The BBC has an article today that asks: “What happened to the dream of a Buddhist Mecca?” The article is about development in Lumbini, Nepal, the birthplace of the Buddha. It’s a common question these days (in fact, I wrote the same article more or less in The Oregonian over two years ago), as the project has been in the works for decades. What started as a beautiful dream by U Thant, then secretary-general of the United Nations, who wanted to revive Lumbini after seeing the site’s condition in 1967, is now a slog of finger pointing by those in charge of the redevelopment process. People closest to the project believe that money is at the heart of the problem. If that’s true, then Lumbini’s troubles might be over. A Chinese group called the Asia Pacific Exchange and Co-operation Foundation, says that it will raise $3 billion to develop the sacred Buddhist site.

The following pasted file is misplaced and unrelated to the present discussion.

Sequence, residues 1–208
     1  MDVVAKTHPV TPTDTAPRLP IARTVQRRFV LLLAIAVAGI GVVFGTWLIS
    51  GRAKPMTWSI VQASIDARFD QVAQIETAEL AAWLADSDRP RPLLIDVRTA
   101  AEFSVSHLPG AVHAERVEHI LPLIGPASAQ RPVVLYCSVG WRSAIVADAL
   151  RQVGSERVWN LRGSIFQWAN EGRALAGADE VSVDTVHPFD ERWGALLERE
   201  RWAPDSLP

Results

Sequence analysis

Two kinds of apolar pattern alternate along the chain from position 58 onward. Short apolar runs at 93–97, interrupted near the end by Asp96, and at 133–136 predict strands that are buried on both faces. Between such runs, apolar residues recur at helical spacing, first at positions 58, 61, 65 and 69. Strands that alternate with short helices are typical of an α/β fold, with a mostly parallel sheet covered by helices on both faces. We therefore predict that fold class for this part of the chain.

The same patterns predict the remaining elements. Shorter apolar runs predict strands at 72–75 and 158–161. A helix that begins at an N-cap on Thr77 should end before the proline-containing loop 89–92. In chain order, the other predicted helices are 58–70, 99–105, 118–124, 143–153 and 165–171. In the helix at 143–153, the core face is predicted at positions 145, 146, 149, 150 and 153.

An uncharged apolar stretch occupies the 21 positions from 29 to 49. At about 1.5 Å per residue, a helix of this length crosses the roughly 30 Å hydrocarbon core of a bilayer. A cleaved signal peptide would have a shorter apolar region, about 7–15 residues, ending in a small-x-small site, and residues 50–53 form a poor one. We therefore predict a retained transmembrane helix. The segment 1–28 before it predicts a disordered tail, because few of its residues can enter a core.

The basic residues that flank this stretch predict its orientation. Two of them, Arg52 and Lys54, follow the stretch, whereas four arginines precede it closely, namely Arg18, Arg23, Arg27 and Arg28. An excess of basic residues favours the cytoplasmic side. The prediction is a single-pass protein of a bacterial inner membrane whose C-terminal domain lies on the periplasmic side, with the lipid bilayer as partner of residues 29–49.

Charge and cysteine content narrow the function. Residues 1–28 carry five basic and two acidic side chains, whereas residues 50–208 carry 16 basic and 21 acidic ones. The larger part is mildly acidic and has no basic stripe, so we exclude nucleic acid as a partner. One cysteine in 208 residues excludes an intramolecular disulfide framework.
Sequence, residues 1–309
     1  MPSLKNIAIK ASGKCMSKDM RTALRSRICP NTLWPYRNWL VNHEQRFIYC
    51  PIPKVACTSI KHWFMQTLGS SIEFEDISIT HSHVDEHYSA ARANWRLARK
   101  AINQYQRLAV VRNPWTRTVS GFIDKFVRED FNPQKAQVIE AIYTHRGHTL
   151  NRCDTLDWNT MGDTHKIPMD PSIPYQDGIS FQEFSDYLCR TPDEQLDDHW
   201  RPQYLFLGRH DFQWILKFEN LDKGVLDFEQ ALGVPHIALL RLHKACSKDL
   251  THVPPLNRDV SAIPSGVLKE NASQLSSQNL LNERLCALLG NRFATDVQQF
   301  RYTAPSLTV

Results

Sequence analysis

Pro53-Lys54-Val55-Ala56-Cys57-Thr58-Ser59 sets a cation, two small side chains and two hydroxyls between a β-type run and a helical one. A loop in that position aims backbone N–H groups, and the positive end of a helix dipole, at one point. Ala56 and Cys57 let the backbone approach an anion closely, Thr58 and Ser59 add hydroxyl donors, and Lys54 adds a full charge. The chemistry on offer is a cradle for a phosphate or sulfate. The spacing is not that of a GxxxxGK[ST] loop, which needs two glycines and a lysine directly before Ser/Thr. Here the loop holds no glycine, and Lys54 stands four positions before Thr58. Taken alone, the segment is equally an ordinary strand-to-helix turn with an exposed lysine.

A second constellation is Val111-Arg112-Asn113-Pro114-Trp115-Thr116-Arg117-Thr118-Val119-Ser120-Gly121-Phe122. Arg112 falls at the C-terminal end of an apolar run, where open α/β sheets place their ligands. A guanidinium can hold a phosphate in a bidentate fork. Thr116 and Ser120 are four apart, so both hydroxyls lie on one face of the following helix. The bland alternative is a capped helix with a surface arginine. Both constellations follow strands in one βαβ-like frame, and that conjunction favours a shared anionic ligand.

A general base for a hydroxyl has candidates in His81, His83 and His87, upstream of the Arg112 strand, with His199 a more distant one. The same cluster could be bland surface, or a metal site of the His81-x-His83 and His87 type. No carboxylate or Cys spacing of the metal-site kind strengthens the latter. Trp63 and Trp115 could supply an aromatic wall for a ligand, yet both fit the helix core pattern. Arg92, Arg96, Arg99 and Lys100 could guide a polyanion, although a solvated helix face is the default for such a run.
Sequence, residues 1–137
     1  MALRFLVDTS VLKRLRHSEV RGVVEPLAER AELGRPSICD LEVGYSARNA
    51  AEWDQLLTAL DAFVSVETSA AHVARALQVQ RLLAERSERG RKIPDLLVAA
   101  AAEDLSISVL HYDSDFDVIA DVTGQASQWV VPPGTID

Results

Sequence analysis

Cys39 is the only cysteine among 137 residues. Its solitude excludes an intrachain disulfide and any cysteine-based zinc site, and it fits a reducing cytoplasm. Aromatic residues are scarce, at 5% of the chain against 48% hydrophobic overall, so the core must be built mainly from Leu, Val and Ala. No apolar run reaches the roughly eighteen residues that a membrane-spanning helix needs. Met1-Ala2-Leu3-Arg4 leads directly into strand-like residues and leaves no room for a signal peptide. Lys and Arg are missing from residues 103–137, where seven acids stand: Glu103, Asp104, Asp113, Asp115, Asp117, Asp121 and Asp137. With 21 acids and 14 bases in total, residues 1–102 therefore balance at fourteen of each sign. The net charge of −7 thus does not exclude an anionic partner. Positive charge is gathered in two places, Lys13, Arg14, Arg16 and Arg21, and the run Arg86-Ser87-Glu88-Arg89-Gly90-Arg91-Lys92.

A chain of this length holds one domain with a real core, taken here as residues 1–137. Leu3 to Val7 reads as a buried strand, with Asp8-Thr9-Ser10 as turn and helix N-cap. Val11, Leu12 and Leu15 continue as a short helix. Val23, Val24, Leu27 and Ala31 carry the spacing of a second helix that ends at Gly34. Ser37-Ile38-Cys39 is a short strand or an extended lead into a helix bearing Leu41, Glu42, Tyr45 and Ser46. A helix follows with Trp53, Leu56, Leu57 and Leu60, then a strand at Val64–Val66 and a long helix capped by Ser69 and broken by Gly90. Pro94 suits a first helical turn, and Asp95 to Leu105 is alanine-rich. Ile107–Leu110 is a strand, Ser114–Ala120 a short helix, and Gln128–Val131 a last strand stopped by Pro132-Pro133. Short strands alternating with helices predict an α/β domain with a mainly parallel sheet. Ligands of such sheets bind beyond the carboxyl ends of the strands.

It should also be pointed out, however, that even with all the money in the world Lumbini will never be a “Buddhist Mecca” because pilgrimage isn’t as central to the Buddhist tradition as it is in Islam. A pilgrimage to Mecca (haji) is one of the Five Pillars of Islam, which are the basic acts that all devout Muslims are expected to perform. If pilgrimage held such a lofty position in the Buddhist tradition, this would be akin to finding it mentioned in the Four Noble Truths or outlined as a part of the Eightfold Path.
Of course, none of this means that Lumbini should not be developed. Even though pilgrimage isn’t as central to Buddhism as it is to Islam, Buddhists have been embarking on trips to sacred sites for centuries and pilgrimage is mentioned in Buddhist literature. In the Mahaparinirvana Sutta the Buddha says, “Lumbini is where the Tathagata [Buddha] was born, this is a place which should be seen by a person of devotion, and which would cause awareness and apprehension of the nature of impermanence.”
Indeed, there are many reasons to develop the Buddha’s birthplace (see videos on the matter here and here). But it’s unrealistic think that Lumbini will ever be a Buddhist Mecca. The sooner people let go of that idea the sooner they might see some progress toward a more reachable goal.
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